British Universities Film & Video Council

moving image and sound, knowledge and access

Viewfinder Articles

  • Royal Anthropological Institute

    The Royal Anthropological Institute of Great Britain and Ireland (RAI) is the world’s longest-established scholarly association dedicated to the advancement of anthropology (the study of humankind) in its broadest and most inclusive sense. It publishes journals, has a film and video library and an extensive photographic collection, gives awards for outstanding scholarship, organises lectures and meetings, and manages a number of trust funds for research. We spoke to Caterina Sartori, who is responsible for the film information service and the film festival.

  • Born Free

    Dr Louise Gentle, Nottingham Trent University, examines James Hill’s classic Born Free and its enduring influence on the teaching of higher education wildlife conservation.

  • Memory of the Camps

    Dr James Jordan, University of Southampton, examines the restoration of the allied liberation documentary German Concentration Camps Factual Survey

  • Furthering Film Education

    Learning on Screen spoke to Truro and Penwith College and the Manchester Film School about their different approaches to teaching filmmaking at FE level, and the success their methods are having.

  • Bringing the Past to the Future

    Frazer Ash, Digital Transfer Manager for Learning on Screen, reports on our off-air digitisation project and the valuable archive television content that will be made available in BoB.

  • An Education Experiment

    Dr Alex Southern, University of Wales Trinity Saint David, reflects on a post-war government ‘experiment’ in visual education and its relevance to today’s moving image media literacy agenda.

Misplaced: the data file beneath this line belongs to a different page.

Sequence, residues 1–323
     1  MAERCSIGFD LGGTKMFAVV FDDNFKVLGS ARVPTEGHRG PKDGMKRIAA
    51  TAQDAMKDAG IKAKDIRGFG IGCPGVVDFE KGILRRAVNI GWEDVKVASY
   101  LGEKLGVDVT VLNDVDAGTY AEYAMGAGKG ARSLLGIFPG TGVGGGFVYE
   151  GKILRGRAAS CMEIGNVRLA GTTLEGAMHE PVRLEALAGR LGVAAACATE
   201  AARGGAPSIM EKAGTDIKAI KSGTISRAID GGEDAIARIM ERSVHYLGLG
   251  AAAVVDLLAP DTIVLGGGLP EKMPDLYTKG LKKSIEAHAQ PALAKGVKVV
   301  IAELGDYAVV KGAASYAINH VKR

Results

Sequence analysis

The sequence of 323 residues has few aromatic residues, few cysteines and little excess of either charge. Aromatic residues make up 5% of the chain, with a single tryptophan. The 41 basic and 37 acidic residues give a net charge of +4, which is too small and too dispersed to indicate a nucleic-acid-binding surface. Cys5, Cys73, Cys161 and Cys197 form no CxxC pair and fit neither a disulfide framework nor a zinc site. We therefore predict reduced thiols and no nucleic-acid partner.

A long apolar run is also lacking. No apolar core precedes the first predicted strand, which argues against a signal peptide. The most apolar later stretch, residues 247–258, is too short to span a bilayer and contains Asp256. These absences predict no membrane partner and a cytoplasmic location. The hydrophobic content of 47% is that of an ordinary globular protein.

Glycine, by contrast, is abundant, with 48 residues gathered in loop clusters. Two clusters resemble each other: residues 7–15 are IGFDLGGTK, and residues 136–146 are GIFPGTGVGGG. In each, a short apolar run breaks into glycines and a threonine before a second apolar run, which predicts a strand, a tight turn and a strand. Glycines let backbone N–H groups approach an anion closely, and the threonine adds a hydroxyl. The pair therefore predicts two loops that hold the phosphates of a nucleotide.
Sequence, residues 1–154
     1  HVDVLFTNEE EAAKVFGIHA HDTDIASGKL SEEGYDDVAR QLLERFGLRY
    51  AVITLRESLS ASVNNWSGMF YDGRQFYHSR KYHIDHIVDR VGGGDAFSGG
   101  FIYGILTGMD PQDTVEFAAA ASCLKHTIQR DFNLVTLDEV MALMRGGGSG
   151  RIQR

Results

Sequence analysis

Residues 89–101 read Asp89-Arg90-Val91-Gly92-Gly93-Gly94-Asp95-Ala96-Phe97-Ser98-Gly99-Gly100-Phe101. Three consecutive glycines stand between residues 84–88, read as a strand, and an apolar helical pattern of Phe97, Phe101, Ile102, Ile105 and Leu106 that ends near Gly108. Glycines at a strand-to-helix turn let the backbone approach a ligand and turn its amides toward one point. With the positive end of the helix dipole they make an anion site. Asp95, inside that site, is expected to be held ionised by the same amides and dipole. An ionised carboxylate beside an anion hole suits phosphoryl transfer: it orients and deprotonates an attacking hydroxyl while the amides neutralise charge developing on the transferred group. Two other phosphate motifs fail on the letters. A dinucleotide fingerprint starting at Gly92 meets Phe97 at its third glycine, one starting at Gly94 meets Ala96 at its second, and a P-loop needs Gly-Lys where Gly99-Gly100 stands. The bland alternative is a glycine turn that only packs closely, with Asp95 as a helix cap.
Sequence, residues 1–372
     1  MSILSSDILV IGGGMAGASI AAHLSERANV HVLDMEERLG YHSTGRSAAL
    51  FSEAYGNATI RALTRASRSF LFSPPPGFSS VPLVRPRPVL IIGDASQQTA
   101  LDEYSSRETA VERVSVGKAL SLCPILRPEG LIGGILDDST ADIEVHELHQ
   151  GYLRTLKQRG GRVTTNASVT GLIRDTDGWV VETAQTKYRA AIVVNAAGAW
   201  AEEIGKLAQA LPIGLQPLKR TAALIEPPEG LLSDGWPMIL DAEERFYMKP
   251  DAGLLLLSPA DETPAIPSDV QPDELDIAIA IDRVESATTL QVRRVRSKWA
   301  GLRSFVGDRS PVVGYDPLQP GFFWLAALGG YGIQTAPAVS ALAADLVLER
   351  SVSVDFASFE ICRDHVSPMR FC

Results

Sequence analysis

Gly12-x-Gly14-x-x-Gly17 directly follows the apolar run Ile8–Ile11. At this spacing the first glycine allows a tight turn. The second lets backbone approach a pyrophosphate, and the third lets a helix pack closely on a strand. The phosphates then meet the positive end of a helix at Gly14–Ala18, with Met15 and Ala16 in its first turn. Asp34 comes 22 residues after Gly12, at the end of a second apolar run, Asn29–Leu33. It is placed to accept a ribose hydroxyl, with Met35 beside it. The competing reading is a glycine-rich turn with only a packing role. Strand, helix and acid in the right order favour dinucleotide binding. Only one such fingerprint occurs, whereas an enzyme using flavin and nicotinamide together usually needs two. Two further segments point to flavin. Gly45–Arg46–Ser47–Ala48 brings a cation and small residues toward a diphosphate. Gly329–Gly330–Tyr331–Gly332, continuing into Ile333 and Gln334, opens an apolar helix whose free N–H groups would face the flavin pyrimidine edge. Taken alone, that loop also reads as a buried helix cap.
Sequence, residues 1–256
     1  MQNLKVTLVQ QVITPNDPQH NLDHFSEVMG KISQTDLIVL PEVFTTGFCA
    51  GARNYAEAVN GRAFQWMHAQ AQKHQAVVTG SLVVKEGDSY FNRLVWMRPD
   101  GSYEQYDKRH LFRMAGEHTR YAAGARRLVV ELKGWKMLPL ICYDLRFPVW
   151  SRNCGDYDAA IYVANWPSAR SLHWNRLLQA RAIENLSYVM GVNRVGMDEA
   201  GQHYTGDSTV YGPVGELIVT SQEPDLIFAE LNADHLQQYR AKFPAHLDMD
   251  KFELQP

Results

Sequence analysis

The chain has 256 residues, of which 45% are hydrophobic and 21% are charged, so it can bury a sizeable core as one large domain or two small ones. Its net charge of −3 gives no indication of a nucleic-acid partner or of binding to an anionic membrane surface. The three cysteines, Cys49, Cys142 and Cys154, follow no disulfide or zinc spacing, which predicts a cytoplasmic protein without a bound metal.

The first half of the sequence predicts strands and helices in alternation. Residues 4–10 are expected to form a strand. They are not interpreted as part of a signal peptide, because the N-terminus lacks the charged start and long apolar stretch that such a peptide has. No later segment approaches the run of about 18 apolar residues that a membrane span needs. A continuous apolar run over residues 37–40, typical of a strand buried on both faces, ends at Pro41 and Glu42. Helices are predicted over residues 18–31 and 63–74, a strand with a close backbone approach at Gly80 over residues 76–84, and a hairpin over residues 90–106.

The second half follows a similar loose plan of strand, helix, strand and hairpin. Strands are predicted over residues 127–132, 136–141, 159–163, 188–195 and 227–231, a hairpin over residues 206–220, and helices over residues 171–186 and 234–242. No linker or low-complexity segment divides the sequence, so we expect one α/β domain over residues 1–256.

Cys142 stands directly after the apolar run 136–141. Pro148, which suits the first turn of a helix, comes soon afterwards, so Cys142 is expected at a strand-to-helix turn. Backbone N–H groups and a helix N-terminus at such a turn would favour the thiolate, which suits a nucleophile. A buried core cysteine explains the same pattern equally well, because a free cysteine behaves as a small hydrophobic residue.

• Concord Media

    Concord Media was founded in 1959 by Eric Walker and Lydia Vulliamy. Eric spoke to Viewfinder about the company and its films, explaining how Concord’s ethos and commitment to educational and social issues has been a constant guiding factor through a long and distinguished history.

  • Creative Possibilities

    Dr Catherine Grant, University of Sussex, speaks with Dr Amber Jacobs and PhD student Ian Magor about their experiences exploring and explaining film with the audiovisual essay.

  • Chronicle: A Glimpse of TV Heaven

    Commissioned by the BBC IN 1966, Chronicle was a groundbreaking archaeological series that would be on the air for the next twenty-five years. Don Henson, University of York, looks at the history and heritage of the series.

  • Opening up the Archives

    Dr Shane O’Sullivan, Kingston University, reports on a new pilot scheme allowing undergraduate film students to access footage from the BFI National Archive for use in their own documentaries.